Physical dependence on a drug suggests that sudden stopping of the drug may result in negative consequences. Addiction to pain killers is an escalating problem today, especially the abuse of opioid pain killers. There are many side effects and adverse reactions that can occur with the use of opioids as pain killers.
Addiction is both a biological and psychological condition. When you’re addicted physically to a drug, like pain killers or alcohol, etc., it’s because you’ve suppressed or shut down your body’s production of endorphins, which are natural opiate pain killers; when this happens you start craving the drug that you replaced the endorphins with whether it’s alcohol, any of a number of drugs or pain killers. Patients can innocently start taking pain killers after a moderate injury or because of a severe injury in an automobile accident, fall or for post surgical pain.
More than 10% of high school seniors have started taking Vicodin for reasons other than reducing pain. Many other drugs can interact with the opioids and cause a variety of symptoms; this can be fatal. Many chronic pain patients may be under-treated as a result of doctors who are trying to gain control over pain killer addiction, they report.
An opioid-dependent pain patient has improved function with the use of the drug while an opioid-addicted patient does not have improvement. Less common side effects and adverse reactions of pain killers are: confusion, hallucinations, delirium, hives, itching, hypothermia, bradycardia (slow heart rate), tachycardia (rapid heart rate), raised intracranial pressure, ureteric or biliary spasm, muscle rigidity and flushing. Often people who are addicted to pain killers are plagued with various symptoms to different degrees; many times they don’t associate the symptoms with the drug.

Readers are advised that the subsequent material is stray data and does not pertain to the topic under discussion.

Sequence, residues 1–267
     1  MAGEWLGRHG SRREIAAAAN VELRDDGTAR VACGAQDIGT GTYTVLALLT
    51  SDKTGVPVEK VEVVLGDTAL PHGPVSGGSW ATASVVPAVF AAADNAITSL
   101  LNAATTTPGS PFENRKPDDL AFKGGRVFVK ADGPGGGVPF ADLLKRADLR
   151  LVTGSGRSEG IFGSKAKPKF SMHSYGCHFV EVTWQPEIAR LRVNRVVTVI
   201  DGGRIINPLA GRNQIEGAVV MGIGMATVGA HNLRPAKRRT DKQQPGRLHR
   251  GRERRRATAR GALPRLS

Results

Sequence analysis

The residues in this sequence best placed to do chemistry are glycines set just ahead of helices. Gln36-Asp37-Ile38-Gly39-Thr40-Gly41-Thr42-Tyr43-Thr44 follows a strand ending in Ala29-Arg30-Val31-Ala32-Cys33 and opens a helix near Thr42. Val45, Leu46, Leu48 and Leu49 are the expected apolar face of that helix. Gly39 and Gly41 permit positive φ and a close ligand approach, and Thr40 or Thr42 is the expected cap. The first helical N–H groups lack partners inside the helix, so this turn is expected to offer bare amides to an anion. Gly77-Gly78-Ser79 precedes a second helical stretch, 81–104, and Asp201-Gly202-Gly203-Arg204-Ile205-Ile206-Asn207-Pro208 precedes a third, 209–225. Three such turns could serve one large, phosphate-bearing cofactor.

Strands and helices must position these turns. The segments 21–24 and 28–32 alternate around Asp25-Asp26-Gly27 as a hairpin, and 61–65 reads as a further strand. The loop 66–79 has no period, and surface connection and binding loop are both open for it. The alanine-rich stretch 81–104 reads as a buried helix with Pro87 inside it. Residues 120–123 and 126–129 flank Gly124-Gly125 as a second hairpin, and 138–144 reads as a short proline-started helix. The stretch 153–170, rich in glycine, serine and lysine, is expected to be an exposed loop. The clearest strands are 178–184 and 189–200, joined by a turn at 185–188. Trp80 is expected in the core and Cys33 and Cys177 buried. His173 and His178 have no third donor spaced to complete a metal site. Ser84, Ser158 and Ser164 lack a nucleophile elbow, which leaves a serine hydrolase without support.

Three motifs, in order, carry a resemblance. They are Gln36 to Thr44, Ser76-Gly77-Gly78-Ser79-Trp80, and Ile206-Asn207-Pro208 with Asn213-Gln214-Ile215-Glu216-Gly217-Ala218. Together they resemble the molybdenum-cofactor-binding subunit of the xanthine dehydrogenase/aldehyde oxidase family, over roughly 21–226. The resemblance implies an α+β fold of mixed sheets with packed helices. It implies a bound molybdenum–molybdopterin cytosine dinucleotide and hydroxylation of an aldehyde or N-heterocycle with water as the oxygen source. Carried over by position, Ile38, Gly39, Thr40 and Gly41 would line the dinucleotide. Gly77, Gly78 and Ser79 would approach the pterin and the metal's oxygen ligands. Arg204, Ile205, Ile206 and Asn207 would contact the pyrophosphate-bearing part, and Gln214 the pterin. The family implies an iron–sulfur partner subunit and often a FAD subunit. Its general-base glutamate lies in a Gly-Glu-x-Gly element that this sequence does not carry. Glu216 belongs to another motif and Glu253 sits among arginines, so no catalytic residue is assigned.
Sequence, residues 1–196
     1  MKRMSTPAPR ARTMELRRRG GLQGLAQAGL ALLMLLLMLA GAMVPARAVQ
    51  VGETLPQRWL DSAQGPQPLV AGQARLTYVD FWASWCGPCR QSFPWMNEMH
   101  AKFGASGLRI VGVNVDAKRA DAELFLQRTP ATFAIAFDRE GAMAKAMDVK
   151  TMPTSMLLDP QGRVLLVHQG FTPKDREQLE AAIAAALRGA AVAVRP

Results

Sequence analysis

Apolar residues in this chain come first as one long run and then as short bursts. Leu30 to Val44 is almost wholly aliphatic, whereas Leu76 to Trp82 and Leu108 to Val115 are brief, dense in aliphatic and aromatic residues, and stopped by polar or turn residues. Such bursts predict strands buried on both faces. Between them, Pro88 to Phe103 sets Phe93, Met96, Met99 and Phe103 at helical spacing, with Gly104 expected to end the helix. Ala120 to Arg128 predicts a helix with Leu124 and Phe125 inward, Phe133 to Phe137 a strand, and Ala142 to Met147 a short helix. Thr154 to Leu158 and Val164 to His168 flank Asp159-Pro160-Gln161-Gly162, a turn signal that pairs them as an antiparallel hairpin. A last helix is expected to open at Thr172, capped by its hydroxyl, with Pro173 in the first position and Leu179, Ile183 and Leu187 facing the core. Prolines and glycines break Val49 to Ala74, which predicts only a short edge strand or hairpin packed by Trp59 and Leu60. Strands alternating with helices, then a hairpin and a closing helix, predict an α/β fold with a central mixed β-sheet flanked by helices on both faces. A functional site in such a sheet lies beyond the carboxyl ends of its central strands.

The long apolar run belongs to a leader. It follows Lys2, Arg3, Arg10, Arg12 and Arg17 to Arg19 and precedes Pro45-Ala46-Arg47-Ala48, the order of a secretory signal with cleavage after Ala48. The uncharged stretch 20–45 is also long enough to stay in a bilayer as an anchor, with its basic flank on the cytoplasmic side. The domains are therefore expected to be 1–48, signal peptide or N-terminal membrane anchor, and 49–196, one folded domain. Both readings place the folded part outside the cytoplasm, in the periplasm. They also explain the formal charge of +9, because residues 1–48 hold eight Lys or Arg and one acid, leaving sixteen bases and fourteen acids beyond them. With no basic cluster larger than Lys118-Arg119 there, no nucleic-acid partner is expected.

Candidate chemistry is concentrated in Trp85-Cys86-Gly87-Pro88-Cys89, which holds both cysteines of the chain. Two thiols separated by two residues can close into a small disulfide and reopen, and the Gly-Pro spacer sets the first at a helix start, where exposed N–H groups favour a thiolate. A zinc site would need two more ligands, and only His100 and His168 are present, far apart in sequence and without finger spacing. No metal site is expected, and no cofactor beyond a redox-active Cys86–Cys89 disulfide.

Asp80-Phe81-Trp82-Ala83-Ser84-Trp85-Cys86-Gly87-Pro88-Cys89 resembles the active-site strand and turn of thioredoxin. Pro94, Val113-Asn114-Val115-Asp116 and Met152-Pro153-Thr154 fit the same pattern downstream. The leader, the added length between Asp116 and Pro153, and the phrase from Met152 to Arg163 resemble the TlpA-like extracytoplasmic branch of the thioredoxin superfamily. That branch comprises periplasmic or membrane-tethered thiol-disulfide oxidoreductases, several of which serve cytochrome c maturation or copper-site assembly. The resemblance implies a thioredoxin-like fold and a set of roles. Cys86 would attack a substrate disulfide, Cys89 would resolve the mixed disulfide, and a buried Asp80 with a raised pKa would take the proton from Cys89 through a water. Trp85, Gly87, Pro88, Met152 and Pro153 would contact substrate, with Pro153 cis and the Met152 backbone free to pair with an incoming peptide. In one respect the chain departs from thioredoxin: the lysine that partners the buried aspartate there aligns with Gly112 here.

Chronic pain affects one out of three or four adults; millions of people suffer from severe disabling pain. 2.2 million people aged 12 and up first abused painkillers within the past year; this is more than the number of people who started using marijuana and has overtaken the use of cocaine. If you think you are addicted and want to get off pain killers or other drugs, it’s best to get detoxified as fast as you can and then go through some type of rehabilitation; it’s important to have others to lean on and learn from and offer support to you.
Taking the time to spend in a treatment center, detoxing, is of the utmost priority. You must leave the routine responsibilities of your life for a week or two or suffer the inevitable outcome and bad health effects of prolonged drug addiction. You must make a change in your lifestyle in order to prevent you from taking pain killers and or other drugs again.
Some insurance companies will pay for one or two weeks; some may pay for rehabilitation too. If you don’t have insurance, check with your local mental health agencies to see what is available that’s free. Find out from your local health professionals where the closest and best pain killer addiction treatment centers are.
Today’s pain killer treatment options are drawn from long-time experience and clinical research from studying and treating other types of drugs and even heroin addiction. It’s important to remember that when people first start taking pain killers for an acute or chronic pain condition, they don’t intend to become addicted. Researchers are steadfastly working on different ways to optimize pain relief while reducing the risk of drug abuse, including reformulating certain drugs.